What Every Runner Needs To Know About Plantar Fasciitis

If you've recently started running and are having heel pain, you may have what is called plantar fasciitis. According to The New York Times, 10% of runners experience plantar fasciitis at some point. In fact, plantar fasciitis is such a common ailment among runners that it is called runner's heel. Here are several things you need to know about plantar fasciitis. 

What is a tell-tale symptom? 

Plantar fasciitis has a tell-tale sign of first step pain. If the base of your heel has a sharp, stabbing pain when you first stand up in the morning but the pain subsides after walking or running on it, you likely have plantar fasciitis. Because of this, many runners try to push through the first steps of pain because they know the pain will go away after they get warmed up. But it's important to avoid doing this, as it can prolong the pain and make it more difficult to recover from. 

What causes plantar fasciitis? 

In medical terminology, plantar fasciitis is the inflammation of the plantar fascia, since medical terms that end with -itis means an inflammation. The plantar fascia is a ligament that runs on the bottom of the foot and attaches the bone in the heel to the toes. It's the rope of tissue that forms the arch in your foot. The plantar fascia acts like a shock absorber. The constant pounding that occurs in your feet while you run, particularly in ill-fitted footwear, can cause tiny tears in the plantar fascia where it connects to the bone in your heel. The tears lead to inflammation and, thus, plantar fasciitis. 

How will the podiatrist diagnose it? 

During a physical examination, your podiatrist will ask for a detailed history from you regarding your heel pain. He or she may push on your heel and ask you to tell them when you experience pain. While pushing on your heel, the podiatrist will try to feel the inflammation to help determine the exact location of it to see if it is located at the plantar fascia. 

The podiatrist may also ask you to walk around the office to see if your gait is abnormal. Therefore, you want to refrain from taking pain medication and anti-inflammatory medication prior to your appointment so the podiatrist can properly evaluate your painful condition.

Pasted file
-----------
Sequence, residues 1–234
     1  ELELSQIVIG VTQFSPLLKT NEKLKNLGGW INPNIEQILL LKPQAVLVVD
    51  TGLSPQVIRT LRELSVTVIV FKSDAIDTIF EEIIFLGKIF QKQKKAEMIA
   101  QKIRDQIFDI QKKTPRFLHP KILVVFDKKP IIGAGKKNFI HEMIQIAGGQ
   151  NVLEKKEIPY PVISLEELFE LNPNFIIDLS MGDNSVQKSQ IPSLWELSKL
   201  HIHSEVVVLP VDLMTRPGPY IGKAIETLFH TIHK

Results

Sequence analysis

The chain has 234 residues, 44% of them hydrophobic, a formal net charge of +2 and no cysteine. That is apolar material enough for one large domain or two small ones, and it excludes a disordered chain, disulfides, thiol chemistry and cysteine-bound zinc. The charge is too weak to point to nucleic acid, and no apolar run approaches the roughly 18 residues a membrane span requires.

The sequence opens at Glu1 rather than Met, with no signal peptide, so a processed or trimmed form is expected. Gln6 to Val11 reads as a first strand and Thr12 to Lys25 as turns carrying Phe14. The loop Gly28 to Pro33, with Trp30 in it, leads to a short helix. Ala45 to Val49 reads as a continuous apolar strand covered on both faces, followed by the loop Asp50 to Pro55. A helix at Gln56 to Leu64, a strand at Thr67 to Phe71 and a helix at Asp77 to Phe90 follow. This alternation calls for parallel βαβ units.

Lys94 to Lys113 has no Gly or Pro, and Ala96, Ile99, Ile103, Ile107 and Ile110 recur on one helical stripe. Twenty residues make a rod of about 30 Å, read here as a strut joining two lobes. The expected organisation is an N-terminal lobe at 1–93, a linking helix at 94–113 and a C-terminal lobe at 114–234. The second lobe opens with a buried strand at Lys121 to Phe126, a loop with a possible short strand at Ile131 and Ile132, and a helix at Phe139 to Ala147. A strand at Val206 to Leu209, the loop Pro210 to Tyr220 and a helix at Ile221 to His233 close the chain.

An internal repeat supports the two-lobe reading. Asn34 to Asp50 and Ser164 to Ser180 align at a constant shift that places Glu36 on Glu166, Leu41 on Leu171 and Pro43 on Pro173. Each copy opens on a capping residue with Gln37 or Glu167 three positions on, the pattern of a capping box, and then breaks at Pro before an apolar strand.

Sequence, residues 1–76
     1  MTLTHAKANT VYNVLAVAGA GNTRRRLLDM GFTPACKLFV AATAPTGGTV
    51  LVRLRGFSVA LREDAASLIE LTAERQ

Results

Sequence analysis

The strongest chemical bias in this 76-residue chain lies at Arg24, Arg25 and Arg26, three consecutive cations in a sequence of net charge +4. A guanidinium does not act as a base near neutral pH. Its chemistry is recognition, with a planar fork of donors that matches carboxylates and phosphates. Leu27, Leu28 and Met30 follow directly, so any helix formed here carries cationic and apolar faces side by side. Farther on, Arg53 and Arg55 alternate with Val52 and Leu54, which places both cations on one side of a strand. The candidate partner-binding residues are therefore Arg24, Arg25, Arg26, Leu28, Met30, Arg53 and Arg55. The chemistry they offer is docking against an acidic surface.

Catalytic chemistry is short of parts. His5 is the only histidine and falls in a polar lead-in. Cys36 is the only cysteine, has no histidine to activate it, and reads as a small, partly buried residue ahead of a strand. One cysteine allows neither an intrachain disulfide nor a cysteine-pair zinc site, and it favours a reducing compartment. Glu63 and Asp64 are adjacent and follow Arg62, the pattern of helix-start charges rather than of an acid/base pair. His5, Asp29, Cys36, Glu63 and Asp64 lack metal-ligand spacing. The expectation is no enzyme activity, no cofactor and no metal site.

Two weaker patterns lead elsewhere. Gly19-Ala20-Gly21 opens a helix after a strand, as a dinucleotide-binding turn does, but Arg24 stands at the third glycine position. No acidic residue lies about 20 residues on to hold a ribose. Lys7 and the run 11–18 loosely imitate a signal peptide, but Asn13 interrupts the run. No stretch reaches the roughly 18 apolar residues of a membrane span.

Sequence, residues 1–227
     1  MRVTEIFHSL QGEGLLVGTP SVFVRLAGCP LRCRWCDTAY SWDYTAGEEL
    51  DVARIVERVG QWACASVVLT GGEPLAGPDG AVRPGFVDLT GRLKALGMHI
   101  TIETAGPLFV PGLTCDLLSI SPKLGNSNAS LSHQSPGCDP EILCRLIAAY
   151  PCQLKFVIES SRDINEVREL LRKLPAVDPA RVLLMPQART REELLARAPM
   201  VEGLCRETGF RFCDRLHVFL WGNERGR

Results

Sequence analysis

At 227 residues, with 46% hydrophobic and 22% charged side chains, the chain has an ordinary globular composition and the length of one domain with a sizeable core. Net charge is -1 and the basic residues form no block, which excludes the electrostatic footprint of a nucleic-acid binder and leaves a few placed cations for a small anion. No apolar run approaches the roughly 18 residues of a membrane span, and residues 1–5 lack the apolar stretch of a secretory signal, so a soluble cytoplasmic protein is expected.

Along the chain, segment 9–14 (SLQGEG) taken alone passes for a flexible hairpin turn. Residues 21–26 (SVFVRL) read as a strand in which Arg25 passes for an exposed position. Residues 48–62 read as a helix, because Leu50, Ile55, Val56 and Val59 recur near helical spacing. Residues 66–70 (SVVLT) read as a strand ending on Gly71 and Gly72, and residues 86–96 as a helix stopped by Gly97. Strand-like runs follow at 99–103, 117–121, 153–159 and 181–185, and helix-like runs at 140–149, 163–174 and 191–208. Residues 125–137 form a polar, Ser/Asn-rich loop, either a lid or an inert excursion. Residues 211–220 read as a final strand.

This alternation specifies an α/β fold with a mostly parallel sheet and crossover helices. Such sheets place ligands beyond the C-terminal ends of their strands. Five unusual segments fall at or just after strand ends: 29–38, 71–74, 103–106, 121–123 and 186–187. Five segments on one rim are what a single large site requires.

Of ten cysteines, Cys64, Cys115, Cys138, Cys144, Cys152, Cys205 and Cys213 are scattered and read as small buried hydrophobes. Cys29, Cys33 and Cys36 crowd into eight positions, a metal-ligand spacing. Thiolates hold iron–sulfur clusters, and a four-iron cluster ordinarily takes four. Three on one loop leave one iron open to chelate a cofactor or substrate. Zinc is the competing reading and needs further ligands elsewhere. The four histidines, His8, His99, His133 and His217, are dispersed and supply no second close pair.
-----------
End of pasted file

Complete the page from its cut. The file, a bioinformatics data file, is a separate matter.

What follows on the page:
Will you need medical treatment? 

While there are stretches for plantar fasciitis that you can find on the Internet, it's important to be evaluated and treated by a podiatrist for your heel pain. The reason for this is to make sure that what you have is indeed plantar fasciitis and not another potentially more complicated cause of heel pain, such as plantar fibroma or a heel spur. 

If you do have plantar fasciitis, treatment can involve a combination of anti-inflammatory medication, steroid injections, physical therapy, and shock wave therapy. You may be given a splint to wear at night while you sleep and orthotic devices to place into your footwear.

If treatment doesn't help, your podiatrist may order some imaging tests, such as radiography, ultrasonography, and magnetic resonance imaging. Imaging tests can aid in the diagnosis of plantar fasciitis, and it can help determine whether or not there are other causes of concern. 

For more severe cases of plantar fasciitis, a Tenex procedure may be done, which is a minimally invasive procedure to remove scar tissue in the plantar fascia. Sometimes, surgery may be needed to detach the plantar fascia from the bone of the heel. Therefore, it is important to seek treatment from a podiatrist for plantar fasciitis as soon as possible instead of trying to push through the pain until it subsides during a run.